So to get around this lack of motivation to move, I simply removed the choice.
It’s not whether I would run or not – it’s what time will I go running. In prosaic terms, it become a way of life. It removes the option of not moving. There’s no talking myself into it (or out of it). It’s just something that’s going to be done. I’m healthier when I move. Being sedentary is not an option and that left me with exercising. So despite my hatred of running, I treat it like the many necessary evil tasks of my every day life – just get it done and move on. Don’t linger over it. Don’t wait. Don’t stall. Get out there and get it over with. (This is perhaps why the “Just Do It” Nike campaign resonated with so many people).
This did not happen overnight. I don’t have the discipline of an Olympian. I first had to learn that I could do it and even reap the benefits. But like my yoga practice it evolved over time and I worked on it over and over again. I failed over and over again. But we can train our mind to help us make the right decisions for our body. There is no difference between people who exercise and people who don’t. It’s just that some people push through the inertia of a body at rest staying at rest.
This is not to say that I don’t do a happy dance for the torrential downpour on my running day. I do a little bit but I also remind myself: if not today, then tomorrow.
There is an effective mental trick in all of us that can get us off the couch and moving. You just have to figure it out. Maybe it’s not for running. Maybe it’s for doing another unpleasant task like polishing the furniture. If you have something, will you please share it? Maybe you can inspire someone else!
Photo via Flicker (Creative Commons) by Anoxlou.
“Do overweight ladies do yoga? It seems to be for the thin and flexible.”
In one form or another, the sentiment above is one of the most common ones expressed to me ever since I started doing yoga. It is infuriating!
YOGA IS FOR EVERY BODY. Repeat after me: YOGA IS FOR EVERY BODY.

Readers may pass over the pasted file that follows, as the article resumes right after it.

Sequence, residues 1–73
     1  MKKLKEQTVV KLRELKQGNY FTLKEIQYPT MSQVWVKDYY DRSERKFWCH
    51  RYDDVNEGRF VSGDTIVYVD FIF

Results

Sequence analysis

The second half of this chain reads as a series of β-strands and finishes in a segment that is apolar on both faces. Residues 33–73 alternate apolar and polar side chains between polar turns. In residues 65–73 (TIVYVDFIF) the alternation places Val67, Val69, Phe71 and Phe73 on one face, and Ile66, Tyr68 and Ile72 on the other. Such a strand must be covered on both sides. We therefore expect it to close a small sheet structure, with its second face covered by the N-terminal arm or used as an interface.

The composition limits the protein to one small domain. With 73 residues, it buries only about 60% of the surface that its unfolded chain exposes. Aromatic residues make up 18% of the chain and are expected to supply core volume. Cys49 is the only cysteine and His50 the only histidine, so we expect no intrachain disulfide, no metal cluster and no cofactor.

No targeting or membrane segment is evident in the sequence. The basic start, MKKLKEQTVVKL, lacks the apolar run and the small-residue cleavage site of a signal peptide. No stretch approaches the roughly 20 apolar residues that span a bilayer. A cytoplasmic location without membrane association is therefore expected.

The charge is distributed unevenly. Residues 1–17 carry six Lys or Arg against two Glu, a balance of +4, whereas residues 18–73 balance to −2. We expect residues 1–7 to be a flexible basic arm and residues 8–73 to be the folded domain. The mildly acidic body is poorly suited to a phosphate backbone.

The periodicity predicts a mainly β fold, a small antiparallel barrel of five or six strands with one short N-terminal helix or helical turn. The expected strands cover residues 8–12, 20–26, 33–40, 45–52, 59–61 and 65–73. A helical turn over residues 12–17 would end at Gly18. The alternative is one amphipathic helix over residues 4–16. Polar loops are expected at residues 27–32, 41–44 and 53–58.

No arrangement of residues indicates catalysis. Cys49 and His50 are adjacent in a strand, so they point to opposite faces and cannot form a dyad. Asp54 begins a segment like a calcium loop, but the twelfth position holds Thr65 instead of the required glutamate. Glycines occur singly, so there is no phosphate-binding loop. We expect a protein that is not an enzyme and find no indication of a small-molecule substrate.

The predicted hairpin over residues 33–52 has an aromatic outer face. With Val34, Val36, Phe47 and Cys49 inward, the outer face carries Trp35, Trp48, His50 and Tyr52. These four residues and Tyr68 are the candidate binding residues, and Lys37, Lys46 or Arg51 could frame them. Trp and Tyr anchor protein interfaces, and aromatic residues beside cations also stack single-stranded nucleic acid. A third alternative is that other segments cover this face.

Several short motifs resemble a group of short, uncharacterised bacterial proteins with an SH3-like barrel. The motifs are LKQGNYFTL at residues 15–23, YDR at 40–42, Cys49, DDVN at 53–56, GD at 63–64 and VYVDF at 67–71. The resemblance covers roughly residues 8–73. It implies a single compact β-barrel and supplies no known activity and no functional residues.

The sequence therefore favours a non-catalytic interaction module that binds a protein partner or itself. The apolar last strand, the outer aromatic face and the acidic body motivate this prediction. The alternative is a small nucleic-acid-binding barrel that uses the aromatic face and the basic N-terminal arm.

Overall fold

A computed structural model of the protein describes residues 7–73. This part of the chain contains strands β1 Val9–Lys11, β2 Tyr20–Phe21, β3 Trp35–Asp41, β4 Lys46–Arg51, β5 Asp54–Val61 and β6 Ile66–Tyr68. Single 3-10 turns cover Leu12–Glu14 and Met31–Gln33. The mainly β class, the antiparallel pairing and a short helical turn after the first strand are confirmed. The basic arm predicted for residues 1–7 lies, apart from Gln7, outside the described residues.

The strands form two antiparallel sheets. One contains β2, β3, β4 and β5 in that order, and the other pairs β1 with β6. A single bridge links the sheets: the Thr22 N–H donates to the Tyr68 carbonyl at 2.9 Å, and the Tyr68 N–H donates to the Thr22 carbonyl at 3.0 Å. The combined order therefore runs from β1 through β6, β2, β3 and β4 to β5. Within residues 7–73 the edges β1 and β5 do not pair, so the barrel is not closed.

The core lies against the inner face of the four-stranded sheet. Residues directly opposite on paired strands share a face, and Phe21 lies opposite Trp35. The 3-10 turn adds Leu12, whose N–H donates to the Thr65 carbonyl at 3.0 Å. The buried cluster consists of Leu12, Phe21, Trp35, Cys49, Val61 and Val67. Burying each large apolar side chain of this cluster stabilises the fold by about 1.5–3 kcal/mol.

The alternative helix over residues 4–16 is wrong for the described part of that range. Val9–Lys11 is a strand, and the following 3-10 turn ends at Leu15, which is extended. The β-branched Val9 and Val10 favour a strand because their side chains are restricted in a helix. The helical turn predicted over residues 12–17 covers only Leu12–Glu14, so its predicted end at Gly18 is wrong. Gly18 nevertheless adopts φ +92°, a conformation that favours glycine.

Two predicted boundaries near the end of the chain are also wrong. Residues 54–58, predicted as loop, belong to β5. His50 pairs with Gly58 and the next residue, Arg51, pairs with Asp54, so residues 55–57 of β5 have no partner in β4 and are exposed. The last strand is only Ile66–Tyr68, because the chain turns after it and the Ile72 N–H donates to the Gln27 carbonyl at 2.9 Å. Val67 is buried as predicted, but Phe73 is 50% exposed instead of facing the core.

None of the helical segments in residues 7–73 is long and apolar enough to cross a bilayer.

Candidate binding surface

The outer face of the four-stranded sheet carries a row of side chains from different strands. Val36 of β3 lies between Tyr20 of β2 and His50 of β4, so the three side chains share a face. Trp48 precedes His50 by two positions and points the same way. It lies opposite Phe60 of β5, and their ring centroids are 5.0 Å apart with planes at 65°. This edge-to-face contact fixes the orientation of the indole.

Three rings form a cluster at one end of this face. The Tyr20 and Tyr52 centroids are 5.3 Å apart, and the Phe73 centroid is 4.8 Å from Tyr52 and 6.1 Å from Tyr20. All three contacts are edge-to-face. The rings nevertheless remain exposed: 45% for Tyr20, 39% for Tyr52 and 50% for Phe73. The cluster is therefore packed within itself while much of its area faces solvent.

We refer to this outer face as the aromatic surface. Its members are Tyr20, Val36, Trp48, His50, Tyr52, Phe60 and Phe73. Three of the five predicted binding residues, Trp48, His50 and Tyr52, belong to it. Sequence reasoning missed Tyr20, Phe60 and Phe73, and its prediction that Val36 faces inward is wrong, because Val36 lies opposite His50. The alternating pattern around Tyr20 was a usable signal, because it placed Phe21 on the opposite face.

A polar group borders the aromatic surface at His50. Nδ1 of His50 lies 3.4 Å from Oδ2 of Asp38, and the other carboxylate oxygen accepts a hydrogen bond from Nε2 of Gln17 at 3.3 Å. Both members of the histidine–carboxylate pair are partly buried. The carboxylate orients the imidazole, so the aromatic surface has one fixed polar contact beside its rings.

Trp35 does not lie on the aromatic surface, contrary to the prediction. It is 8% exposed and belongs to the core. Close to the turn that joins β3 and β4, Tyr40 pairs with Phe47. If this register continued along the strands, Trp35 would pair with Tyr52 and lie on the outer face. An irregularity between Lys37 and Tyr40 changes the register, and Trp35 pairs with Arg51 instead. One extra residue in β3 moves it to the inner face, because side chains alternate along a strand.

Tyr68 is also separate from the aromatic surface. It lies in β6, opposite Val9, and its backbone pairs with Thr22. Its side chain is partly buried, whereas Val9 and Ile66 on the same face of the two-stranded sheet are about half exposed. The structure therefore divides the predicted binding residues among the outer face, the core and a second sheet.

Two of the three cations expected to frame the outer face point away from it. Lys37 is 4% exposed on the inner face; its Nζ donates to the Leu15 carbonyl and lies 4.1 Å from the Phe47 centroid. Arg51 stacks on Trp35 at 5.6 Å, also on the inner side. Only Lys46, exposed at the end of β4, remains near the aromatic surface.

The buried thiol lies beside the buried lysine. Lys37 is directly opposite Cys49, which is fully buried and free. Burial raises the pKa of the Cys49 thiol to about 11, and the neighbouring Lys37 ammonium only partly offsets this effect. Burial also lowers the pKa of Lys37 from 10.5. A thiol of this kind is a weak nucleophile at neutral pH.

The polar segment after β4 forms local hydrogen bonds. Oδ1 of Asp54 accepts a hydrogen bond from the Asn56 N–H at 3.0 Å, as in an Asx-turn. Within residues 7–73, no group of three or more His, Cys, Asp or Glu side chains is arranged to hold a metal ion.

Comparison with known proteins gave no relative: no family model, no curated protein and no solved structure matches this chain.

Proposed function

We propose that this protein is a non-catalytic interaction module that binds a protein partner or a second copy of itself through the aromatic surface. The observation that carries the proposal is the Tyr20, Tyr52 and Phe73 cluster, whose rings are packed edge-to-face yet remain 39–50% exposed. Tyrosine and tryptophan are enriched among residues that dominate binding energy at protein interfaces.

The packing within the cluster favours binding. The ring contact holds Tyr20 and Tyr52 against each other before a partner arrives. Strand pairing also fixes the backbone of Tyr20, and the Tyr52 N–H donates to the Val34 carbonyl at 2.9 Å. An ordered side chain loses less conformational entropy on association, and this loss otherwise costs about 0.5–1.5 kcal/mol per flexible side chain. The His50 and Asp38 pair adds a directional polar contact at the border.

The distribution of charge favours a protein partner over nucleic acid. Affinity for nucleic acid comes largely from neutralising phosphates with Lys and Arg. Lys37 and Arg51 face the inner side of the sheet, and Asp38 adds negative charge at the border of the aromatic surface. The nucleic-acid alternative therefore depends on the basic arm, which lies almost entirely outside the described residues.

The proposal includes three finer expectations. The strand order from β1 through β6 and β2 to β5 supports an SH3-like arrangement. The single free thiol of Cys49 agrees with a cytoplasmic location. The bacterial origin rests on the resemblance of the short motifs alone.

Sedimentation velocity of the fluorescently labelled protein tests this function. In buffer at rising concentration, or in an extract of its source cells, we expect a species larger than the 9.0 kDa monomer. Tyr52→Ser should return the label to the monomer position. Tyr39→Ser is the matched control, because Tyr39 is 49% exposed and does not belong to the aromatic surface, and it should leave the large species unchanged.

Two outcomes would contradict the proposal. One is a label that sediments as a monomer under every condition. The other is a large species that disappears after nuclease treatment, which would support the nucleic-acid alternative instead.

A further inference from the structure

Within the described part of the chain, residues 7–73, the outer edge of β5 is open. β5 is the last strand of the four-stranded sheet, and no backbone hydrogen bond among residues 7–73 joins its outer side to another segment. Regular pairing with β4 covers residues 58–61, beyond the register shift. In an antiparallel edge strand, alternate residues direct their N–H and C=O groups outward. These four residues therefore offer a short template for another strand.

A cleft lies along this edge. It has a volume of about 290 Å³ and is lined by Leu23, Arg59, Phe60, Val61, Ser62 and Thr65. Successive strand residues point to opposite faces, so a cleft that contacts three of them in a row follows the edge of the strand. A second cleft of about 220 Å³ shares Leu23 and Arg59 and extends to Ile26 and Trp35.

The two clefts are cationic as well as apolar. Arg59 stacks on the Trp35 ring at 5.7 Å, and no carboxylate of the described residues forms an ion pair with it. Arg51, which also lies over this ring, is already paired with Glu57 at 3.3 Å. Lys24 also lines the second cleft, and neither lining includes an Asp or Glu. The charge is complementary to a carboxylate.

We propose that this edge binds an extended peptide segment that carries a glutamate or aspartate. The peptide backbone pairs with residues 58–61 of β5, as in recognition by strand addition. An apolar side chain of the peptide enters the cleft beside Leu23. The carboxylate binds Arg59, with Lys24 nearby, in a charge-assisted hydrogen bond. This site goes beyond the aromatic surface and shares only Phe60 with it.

It doesn’t matter whether you can touch your toes or even see them. Everyone can practice yoga. And it makes me angry to think that maybe someone or something has made a person feel like she can’t come to yoga because she’s too fat.
As an overweight person will there be poses you can’t do or have more difficulty doing? Yes, of course! There are poses I can’t do simply because my arms are too short. That doesn’t mean I can’t do yoga – only that modifications have to be made. Because we are all so anatomically varied, yoga is different for every person. If you think you might be more comfortable, there are plus-sized yoga classes like Annie Carlin‘s “Larger Bodies Miniseries“ at Golden Heart Yoga. Find and take the class where you will feel the most secure and at ease.
Every teacher is trained and prepared to teach yoga to students of all shapes, sizes and different levels of ability. So that is never an issue when you walk into a yoga class. But I can’t pretend that every yoga class is a judgment-free haven. Rest assured, those classes do exist and it’s important to keep looking until you find one. Why? Because yoga is good for you and if you enjoy it, nothing should stop you from doing it.
Yoga’s popularity in the U.S. exploded these past few years and I’m glad people are practicing but I worry that others who could benefit from it feel too intimidated to come or tried it and felt unwelcome. When I look out at my classes, the majority of my students are thin, white women. More often than not, I’m the only minority in the room. That reality is probably a combination of where I teach and where yoga is at this time (or at least people’s perception of it). Organizations like Decolonizing Yoga are working to dispel the notion that yoga is only for certain types of people.
So you mustn’t feel discouraged. There is a yoga home for every person. When you find it, I promise you it will have been worth the search. Now go out there and do some yoga!